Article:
Archive for month October, 2009

My house was foreclosed and I did not know…

Friday, October 23rd, 2009

In the last week I have received many responses to the last blog that I wrote (Do They Really Know What They Are Doing?).  The majority of the people (who happened to be homeowners) have told me that after working a short sale with Bank of America for months, and having strong offers, the bank foreclosed and never gave a response to any of the offers.

One of these was a homebuilder who had more than $200,000 equity in his house, and even so the bank foreclosed. Well, BOA clearly shows the it has no feelings involved with these processes. I truly believe, however, that it is my responsibility as an agent to follow up with this bank and make sure that my listings are not foreclosed in the middle of the process. I can say that I have saved each of my listings from foreclosure between two and four times each during the short sale process. It is a long and frustrating process, one in which I spend over three hours doing it each time, but I truly believe my clients deserve this time and effort.

I show the bank that it is a good business decision not to foreclose, and when they see that I do not give up calling and calling until the extension is given (I think I become a pain in their…), then they do it.

Your clients really deserve an agent who is working in their best interest.  Are you really up for all this hassle?  If the answer is no, please refer these clients to an agent who is willing to make this commitment and has the experience to make it happen.  It is better for everyone involved, and could mean the difference between bankruptcy and saving the client’s financial future.

Do They Really Know What They Are Doing?

Thursday, October 1st, 2009

A couple of weeks ago, I contacted Bank of America to try to stop 3 foreclosures on different properties where I had submitted offers about 4 months ago – and all this time they had not “had time” to assign a negotiator.  Usually, I need to call three or more times before I am lucky enough to find a person who really wants to help me and make the best of his/her time for the company they work for.

The first person who answered the phone told me that there was no way to stop the foreclosure unless the negotiator said so.  By the way, remember I still don’t have a negotiator?  Between calls, a negotiator had been assigned – who decided to close the short sale without telling anybody.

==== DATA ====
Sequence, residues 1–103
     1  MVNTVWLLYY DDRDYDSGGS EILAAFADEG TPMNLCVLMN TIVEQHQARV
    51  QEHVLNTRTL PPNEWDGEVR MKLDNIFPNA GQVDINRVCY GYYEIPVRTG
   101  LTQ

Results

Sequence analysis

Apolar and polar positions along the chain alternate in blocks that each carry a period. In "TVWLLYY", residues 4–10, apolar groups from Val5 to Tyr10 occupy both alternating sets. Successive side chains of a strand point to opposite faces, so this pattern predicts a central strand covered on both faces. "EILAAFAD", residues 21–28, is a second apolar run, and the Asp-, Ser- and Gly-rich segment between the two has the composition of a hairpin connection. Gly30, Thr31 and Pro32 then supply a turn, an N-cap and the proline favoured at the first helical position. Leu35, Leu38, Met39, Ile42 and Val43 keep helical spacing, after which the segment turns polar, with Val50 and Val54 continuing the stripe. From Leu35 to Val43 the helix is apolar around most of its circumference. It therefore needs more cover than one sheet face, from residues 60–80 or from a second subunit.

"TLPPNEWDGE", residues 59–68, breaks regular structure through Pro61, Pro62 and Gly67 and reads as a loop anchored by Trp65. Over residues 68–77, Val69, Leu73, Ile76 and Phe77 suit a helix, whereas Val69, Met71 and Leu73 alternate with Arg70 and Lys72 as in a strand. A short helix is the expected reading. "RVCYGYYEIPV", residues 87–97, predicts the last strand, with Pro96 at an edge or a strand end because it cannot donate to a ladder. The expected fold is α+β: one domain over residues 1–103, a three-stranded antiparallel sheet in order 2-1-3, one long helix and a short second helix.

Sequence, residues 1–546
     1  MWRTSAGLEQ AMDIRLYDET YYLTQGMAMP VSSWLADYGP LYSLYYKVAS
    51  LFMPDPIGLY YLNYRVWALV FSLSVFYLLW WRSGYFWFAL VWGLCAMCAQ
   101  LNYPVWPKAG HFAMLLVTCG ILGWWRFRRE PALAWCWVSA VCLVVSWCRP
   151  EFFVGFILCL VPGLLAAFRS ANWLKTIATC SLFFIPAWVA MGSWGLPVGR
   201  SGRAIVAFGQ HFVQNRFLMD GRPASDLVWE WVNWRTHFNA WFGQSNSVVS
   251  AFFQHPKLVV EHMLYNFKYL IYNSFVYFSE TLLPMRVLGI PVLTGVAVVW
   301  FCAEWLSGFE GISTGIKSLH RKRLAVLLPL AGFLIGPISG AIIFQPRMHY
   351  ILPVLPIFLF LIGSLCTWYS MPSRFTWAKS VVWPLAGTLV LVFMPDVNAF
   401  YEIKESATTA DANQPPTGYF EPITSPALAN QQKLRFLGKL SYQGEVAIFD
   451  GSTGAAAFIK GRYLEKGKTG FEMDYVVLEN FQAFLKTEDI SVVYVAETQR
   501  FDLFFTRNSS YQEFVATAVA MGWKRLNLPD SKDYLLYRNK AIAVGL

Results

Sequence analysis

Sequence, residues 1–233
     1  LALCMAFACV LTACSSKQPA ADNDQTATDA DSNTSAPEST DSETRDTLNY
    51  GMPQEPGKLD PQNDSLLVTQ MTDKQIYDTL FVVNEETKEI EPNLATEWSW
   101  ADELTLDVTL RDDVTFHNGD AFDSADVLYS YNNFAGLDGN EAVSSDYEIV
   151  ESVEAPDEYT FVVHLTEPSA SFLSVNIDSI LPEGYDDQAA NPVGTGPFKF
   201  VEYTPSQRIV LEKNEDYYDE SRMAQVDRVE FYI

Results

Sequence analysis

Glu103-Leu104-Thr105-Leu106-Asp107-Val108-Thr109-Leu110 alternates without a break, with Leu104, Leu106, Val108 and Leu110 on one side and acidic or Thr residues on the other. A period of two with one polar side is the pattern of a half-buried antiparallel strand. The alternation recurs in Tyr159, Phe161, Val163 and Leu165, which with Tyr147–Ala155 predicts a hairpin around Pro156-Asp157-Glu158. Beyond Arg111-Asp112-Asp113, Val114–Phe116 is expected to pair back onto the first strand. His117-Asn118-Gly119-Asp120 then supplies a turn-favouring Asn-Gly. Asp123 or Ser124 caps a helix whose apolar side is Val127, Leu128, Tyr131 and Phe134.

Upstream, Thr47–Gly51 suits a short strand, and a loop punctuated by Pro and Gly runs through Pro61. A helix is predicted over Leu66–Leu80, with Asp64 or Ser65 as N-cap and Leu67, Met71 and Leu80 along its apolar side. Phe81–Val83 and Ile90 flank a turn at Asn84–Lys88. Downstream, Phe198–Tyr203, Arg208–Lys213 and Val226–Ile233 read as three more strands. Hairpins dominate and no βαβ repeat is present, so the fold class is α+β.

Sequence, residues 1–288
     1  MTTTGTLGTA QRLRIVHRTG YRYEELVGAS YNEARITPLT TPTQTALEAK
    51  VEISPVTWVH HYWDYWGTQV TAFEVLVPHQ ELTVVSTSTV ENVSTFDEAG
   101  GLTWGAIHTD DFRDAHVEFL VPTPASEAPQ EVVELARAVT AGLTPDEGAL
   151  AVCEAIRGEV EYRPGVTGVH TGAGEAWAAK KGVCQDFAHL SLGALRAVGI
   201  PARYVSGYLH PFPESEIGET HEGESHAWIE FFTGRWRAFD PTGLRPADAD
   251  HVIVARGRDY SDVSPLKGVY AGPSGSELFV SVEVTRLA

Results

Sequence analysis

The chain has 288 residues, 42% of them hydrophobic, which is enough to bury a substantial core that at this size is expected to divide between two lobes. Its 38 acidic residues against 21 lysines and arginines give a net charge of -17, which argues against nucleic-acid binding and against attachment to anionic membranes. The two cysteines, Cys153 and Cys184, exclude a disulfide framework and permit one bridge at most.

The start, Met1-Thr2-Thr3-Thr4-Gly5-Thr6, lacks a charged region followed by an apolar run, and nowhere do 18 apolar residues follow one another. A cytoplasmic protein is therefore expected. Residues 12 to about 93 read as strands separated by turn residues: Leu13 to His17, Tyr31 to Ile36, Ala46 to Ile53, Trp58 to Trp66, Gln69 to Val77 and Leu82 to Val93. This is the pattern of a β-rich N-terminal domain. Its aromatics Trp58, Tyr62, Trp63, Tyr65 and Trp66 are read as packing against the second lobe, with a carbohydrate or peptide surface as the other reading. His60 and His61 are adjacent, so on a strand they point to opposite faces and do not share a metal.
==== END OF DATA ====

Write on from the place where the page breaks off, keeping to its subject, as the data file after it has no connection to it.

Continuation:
I hung up in frustration, and called back again.  The person who answered the phone this time told me that she cannot do anything.  I asked her to transfer my phone call to her supervisor, and she asked me to hold.  10 minutes later, she returned saying her manager was too busy, and after looking at the file her manager stated that the offer was too low and they needed one more than 30K higher in order to stop the foreclosure.  It was now clear that the only goal she had in mind was to get rid of my phone call and move on – the numbers did not make sense at all and were considerably higher than the outstanding principal.  I hung up again.

Calling for the third time, I reached someone who really wanted to work and do what she was being paid for.  After sharing my frustrations with her, she explained to me that her company received 400,000 short sale packages every week!

The numbers do not fit in my mind, but let’s assume it is accurate.  I said – with these kinds of numbers, the company must be hiring like crazy.  She said “Yes, indeed, they are hiring.”  But who are the people who are in charge of these files?  I realized that every time I make a call, I need to talk to at least three or four people before I find someone who really wants to work and deserve their monthly paycheck.  So how much are the banks losing for their lack of interest or ability to hire people who really care about doing their jobs right?  Employees who really care about the bank and have the knowledge to do the job.  Do they really know what they’re doing?

Tell me: are you hearing the same volume from your lenders?  How often are you speaking to the same person you spoke to in the past?  Do the people you talk to have the knowledge to be able to do their jobs, or are you training them – saving Bank of America the training expense?